4 steps to better internal communication

Throwing your message du jour into a text-heavy email won’t get the job done. Find creative formats, and promote feedback for optimal engagement.

If you asked your employees what your corporate mission statement is, or whether they feel appreciated, what would they say?

The answer isn’t obvious, especially if your business spans state or country borders—or continents. The farther away employees are from headquarters, the less connected to company leaders they’ll feel.

Internal communications entails more than updating employees with business information. It must connect with and build up each department. Engagement increases productivity and retention, and creating that connection doesn’t have to be hard.

Here are four ways to improve internal messaging:

1. Encourage employees to speak up. They should know they have a voice and that their opinion matters. If they believe a process or meeting can be handled more efficiently, provide a way for their feedback to be heard.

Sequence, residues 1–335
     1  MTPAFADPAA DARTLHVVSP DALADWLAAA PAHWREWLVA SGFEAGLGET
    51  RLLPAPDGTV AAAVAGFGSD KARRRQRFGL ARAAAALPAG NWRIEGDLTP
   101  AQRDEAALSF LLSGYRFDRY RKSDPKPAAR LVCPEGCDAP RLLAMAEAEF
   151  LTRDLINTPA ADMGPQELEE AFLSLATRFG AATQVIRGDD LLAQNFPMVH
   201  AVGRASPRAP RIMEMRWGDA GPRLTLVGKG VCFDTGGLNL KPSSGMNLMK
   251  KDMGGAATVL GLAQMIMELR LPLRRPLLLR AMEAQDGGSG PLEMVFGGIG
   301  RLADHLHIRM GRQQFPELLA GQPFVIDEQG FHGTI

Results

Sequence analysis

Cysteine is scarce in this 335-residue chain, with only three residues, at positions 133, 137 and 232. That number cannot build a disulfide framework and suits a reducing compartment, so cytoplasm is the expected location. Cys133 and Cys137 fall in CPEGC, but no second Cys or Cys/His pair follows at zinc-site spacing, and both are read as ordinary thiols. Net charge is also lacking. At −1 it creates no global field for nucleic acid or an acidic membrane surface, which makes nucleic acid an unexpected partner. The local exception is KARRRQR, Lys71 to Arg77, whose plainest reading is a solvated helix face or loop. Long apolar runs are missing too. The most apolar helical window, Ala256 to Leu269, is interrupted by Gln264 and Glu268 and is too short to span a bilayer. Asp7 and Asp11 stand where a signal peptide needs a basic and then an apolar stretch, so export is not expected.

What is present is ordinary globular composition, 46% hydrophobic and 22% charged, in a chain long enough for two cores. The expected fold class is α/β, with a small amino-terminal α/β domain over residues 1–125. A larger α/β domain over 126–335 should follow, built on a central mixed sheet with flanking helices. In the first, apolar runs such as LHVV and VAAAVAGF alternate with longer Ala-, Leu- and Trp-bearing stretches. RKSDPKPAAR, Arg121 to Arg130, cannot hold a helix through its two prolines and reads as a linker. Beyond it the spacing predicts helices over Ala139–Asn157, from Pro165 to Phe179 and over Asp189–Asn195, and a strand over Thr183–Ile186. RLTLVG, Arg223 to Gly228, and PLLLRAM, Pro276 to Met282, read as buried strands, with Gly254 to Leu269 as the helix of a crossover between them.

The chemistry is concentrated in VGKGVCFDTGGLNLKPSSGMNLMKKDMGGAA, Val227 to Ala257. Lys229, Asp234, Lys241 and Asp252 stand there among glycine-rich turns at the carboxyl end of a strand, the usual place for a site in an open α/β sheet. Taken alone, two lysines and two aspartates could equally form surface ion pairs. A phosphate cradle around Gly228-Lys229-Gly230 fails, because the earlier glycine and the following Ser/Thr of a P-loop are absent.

2. Be clear with your communication. Don’t simply inform people about change. Tell them why change is coming, as well as how it will help the supply chain, reduce overhead or eliminate redundancies. Change is always scary at first, but addressing concerns before they fester helps reduce employee stress.

3. Be creative. Don’t rely on walls of text to get your message out. Summarize your message in an email is not ideal communication. Mix up your content with videos, or introduce friendly employee competitions.

4. Give recognition when it’s deserved. This is particularly important when your business has many different hands involved in creating your product. Make sure your warehouse workers know how they fit in with the business; there is no business without them. Make sure people in sales, marketing or engineering know that every piece of the company is integral to the workflow.

Follow through with these guidelines consistently. A common employee complaint is always receiving mixed messages—or no message at all— from corporate leaders.

Preston Thompson is a copywriter at Tribe, an internal communications agency based in Atlanta. A version of this post first appeared on Tribe’s Good Company blog.

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